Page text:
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-   -   Spoke/Nipple Grease (https://www.bikeforums.net/bicycle-mechanics/1171027-spoke-nipple-grease.html)

Jon T 04-20-19 07:46 PM

Spoke/Nipple Grease
 
I am going to respoke my wheels. What kind of grease should I use on the spoke threads and nipple seats? I have wheel bearing, Phil Woods (green) and white Tetra Grease. Are any of these acceptable? If not, what do you recommend? I know to use just a very light smear.
Thanks to all.
Jon

Andrew R Stewart 04-20-19 09:47 PM

There are many ways to address spoke threads and nipple seats. I usually use a combo of Spoke Prep and Triflow. Like so many lube questions it is that some is used is usually more important then which type. Andy

ThermionicScott 04-20-19 11:04 PM


Originally Posted by Jon T (Post 20893454)
I am going to respoke my wheels. What kind of grease should I use on the spoke threads and nipple seats? I have wheel bearing, Phil Woods (green) and white Tetra Grease. Are any of these acceptable? If not, what do you recommend? I know to use just a very light smear.
Thanks to all.
Jon

Doesn't matter, pretty much any oil or grease you have on hand will work to let the nipples turn freely while you build the wheel.

fietsbob 04-20-19 11:19 PM

I dip each spoke in an anti seize, myself...

davidad 04-20-19 11:22 PM

I use a Teflon based pipe thread sealer on the nipple threads and a little oil on the heads. The sealer will be tacky, but never freeze the nipple to the spoke.
https://www.amazon.com/2087069-567-T...gateway&sr=8-5

aggiegrads 04-21-19 06:44 AM

Rim brakes or disc? I use Boeshield T9 on rim brakes for the nipple bed. It is a wax based lube, and won’t contaminate brake pads as bad as oil based lube if you don’t get it all off.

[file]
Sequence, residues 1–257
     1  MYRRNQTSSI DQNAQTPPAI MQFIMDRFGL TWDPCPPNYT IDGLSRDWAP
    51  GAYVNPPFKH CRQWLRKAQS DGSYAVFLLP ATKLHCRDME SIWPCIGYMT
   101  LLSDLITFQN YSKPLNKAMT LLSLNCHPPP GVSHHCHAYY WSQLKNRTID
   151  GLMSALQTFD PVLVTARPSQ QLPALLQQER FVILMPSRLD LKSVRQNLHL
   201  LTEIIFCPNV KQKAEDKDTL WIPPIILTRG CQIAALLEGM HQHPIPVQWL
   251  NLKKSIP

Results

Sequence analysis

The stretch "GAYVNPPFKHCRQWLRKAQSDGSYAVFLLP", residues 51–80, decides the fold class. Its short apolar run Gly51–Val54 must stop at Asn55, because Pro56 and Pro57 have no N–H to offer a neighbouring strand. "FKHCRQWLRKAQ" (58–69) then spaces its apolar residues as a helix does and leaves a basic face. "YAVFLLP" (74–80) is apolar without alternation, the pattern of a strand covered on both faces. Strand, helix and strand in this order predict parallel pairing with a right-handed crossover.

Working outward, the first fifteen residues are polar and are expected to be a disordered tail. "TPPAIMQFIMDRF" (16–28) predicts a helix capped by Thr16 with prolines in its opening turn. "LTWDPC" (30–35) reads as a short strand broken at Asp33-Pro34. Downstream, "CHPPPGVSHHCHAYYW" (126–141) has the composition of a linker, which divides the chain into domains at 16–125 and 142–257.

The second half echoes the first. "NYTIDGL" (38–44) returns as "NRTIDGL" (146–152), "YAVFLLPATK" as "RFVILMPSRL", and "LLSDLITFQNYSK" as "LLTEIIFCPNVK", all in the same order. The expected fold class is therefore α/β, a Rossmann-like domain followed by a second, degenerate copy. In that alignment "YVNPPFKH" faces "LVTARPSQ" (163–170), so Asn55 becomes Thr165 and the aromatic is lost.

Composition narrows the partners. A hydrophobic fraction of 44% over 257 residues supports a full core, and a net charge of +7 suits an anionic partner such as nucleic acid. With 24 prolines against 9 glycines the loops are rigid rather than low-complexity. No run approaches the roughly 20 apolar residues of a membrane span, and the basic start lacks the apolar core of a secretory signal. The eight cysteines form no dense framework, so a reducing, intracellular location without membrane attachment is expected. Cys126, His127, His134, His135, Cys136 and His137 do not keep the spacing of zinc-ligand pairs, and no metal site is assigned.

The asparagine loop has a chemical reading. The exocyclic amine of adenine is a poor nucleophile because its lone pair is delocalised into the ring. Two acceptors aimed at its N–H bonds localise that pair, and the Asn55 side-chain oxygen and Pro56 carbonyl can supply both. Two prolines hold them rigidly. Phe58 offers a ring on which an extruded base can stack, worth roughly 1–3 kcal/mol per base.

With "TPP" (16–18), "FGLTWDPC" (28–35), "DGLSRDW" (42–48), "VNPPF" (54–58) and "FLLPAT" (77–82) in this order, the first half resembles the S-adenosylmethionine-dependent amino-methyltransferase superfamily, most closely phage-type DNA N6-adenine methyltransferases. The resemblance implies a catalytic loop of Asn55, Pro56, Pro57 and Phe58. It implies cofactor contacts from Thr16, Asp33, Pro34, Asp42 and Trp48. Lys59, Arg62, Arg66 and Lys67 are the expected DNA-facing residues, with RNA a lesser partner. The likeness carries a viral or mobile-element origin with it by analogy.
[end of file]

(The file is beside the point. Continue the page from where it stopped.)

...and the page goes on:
On the threads I use Loctite 222. This purple compound is very light when cured and flows well.

easyupbug 04-21-19 07:18 AM

On the families wheels I have used with success boiled linseed oil, oil, grease and anti-seize. With brass nipples they all work, with aluminum/alloy or in wet weather I would go with anti-seize or consider a spoke prep product. Loctite can dry in less than an hour so if you are slow or can get distracted I might avoid it.

drlogik 04-21-19 01:34 PM

I would not use regular grease on the spoke threads. Grease and oil will run out of the threads in time and the nipples can seize. Spoke nipples are a specialty application. Yes the spoke nipples need to be able to turn under pressure but they also have to stay where they are once the wheel is trued.

It's a balance of slippery versus sticky. There is a special paste the folks at Retrogression sell for that very purpose. It's called Alchemy Lube & Spoke Prep. Get it here: https://www.retro-gression.com/colle...-lube-and-lock My guess is that is really good stuff for that application.

Back in the old days they would use boiled linseed oil on the spoke threads because after a few days or weeks it would cure in the air and harden up but would still be slippery enough so the spoke nipples would turn yet hold their place once the wheel was trued.



--

Jon T 04-21-19 05:06 PM

Thanks for the tips. I like the BLO idea. I have that on hand for refinishing gun stocks. I guess it's a case of "any thing is better than nothing".
Jon

Bike Gremlin 04-21-19 10:58 PM

Properly built (and tensioned) spokes will not untwist, so no need to glue them (including the above mentioned "spoke prep").
Anti seize is best since it prevents them from seizing in the long run.
Other options (grease, or oil) will disappear after the wheel is built (within one year after that).
Oil is easiest and quickest to apply - dipping the spoke thread ends and using cotton wool sticks (for "ear cleaning") dipped into oil for lubing the nipple-rim interface.

If spokes start untwisting without any glue, it's a sign of either:
- Rim got hit and bent
- Spokes have not been tensioned enough (if a wheel is built to the 70%-80% of max. tension the rim can take, then the rim is to week for the application/use - using thinnger, or at least swagged spokes can help with this, especially on the non-drive side of rear wheels that have a cassette - and are hence dished).

So for my own wheels, I'd rather know of this (by noticing the spokes coming loose). For wheels built for (far away) customers, using glue makes sense in case a rim gets a dent - it will keep the spokes in place so they can more easily "limp" to the nearest bike shop.

Jon T 04-21-19 11:17 PM